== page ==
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Old 10-14-2013, 09:36 AM
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There were areas that had slight rust on the metal under the primer. The final layer of coating before metal looked like this. Any ideas?



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Old 10-14-2013, 09:44 AM
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It's a little difficult to tell from pictures but pictures do indicate problems....early "Mr.4speed" asked if the vehicle had possibly had an engine fire? What does the underneath of the hood look like? Also, the areas of the hood that are still black...are those areas that are pitted or is that still primer? Does the hood have any distortion, the type that may have been caused by heat?

Ray
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Old 10-14-2013, 10:29 AM
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No sign of fire. The sheet metal also has no distortion to it. No pitting, it just looked like bubbles in the black. What' strange is that black coating was under the original factory gold color.
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Old 10-14-2013, 10:38 AM
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That's exactly what I see when I strip fibreglass body shells back to the gel coat. The original factory primer is spotty and dry like that. It is my opinion that it is water in the paint, which on a nice hot day, expands and forms a blister. Or maybe it freezes and expands? Either way, the blisters are generally dry when flatted, although once in a while, they do have a damp, fouled smelling residue.
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Old 10-14-2013, 11:02 AM
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No sign of fire. The sheet metal also has no distortion to it. No pitting, it just looked like bubbles in the black. What' strange is that black coating was under the original factory gold color.
The two most important things here are that there hasn't been any heat or fire damage and that the sheet metal is still straight and not warped and no pitting. Remove the rest of the primer and apply a Quality Epoxy primer.

If it was caused by moisture and it had been under the factory color, it would have been pitted after all these years....strip the truck clean to bare metal and begin the process of building up the substrate so you know what you have.

Just on a side note...if I'm correct, the most common factory coating in 59 would have been lacquer primer and lacquer paint...not knowing what the vehicle was repainted with but knowing paint and the active ingredients in any paint, there may have been a common blistering reaction between the old lacquer finish (or whatever product it had been painted with) and the new product...and covered or berried with the new top coat. All this is a mute point as the best remedy is to remove it and as mentioned, start a proper substrate with a quality Epoxy primer.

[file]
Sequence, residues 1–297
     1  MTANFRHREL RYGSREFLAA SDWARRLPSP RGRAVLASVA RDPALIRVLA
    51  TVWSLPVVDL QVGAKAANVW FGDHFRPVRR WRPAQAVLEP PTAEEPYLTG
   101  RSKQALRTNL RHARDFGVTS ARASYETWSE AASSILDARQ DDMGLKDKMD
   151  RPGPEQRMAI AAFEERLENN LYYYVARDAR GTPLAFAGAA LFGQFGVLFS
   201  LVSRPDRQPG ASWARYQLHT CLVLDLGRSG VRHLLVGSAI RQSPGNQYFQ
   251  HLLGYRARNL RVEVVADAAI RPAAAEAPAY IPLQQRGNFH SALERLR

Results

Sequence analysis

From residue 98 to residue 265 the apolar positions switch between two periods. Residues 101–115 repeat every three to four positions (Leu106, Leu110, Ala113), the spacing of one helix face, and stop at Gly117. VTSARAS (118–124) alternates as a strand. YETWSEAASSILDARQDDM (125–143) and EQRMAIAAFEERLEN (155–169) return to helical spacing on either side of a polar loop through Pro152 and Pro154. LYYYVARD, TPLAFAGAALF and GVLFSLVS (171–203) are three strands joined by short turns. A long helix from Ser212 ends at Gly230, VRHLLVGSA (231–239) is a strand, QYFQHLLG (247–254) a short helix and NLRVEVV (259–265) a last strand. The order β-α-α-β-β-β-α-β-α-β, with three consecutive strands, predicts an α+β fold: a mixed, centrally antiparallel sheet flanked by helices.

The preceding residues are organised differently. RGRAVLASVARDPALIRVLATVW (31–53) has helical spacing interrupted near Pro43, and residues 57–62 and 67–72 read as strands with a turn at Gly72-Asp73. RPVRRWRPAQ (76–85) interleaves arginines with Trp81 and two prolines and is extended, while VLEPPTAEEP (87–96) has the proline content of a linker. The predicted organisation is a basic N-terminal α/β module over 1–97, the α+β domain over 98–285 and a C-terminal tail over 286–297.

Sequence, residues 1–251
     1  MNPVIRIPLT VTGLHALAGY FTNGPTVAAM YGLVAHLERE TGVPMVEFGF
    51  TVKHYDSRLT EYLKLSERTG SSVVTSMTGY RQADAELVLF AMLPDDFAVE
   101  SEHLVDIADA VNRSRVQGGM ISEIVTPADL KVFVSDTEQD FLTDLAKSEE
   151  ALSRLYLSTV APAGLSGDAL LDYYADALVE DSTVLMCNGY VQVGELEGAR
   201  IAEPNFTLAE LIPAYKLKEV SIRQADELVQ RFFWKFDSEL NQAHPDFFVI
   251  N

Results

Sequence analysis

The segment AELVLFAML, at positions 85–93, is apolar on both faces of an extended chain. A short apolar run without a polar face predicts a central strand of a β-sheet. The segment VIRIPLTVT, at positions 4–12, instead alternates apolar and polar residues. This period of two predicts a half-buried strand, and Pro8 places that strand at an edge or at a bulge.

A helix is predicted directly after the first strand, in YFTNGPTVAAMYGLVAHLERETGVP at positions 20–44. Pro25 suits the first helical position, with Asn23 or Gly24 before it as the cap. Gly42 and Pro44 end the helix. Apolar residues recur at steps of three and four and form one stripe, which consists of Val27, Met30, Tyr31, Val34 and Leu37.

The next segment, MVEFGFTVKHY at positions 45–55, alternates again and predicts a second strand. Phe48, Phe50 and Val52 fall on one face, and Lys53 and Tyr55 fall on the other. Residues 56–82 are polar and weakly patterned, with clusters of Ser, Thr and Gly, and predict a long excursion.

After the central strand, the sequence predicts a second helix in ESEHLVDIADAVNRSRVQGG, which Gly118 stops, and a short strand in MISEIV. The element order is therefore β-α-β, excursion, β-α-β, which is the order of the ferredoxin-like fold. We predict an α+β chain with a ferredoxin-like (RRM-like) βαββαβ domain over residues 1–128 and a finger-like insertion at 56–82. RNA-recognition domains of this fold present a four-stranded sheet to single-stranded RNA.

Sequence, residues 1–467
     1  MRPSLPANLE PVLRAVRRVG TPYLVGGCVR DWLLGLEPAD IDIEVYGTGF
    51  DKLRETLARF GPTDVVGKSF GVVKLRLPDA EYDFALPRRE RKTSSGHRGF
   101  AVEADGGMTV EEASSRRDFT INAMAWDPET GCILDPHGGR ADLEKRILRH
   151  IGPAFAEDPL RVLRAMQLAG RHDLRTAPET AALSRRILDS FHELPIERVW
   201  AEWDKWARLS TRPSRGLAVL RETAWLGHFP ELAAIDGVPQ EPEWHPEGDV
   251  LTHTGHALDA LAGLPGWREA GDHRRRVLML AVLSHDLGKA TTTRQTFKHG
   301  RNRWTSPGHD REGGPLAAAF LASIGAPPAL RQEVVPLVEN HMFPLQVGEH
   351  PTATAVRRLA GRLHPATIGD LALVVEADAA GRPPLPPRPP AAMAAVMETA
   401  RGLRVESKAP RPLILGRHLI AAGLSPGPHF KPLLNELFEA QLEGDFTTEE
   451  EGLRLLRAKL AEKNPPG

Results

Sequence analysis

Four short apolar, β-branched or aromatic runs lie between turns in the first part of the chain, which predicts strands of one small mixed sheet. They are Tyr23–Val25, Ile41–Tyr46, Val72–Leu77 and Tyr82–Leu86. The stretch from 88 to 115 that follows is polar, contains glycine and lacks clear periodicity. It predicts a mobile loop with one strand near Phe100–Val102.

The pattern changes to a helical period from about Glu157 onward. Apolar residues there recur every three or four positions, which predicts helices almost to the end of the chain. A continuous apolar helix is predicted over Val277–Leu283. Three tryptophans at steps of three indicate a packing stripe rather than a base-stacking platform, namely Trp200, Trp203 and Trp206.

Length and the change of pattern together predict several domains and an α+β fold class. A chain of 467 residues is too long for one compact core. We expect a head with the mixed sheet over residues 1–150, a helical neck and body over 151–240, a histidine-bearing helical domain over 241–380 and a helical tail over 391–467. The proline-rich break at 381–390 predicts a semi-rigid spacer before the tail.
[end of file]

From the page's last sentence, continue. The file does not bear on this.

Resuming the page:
Hope this helps

Ray
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Old 10-14-2013, 12:27 PM
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Why pitted? There would be no oxygen.
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Old 10-14-2013, 02:52 PM
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Well, from what I see in the pictures it could be a LOT of things that caused that to happen (as has already been stated). But, regardless of the reason, the solution is to do exactly what you are doing. Take it all to bare metal, clean it well with W&G remover than start back with epoxy, problem solved no matter what the cause WAS.

Kelly
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Old 10-14-2013, 03:01 PM
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Originally Posted by AJL Electronics View Post
Why pitted? There would be no oxygen.
There's always some oxygen present, paint expands and contracts, the expansion and contraction could also allow oxygen to enter...if it was moisture that was trapped...what about the oxygen that gets trapped along with it....that's why it's important to have a clean dry surface. Many times that I've seen bubbles that are caused by moisture, there is a pitted surface underneath as well.

Ray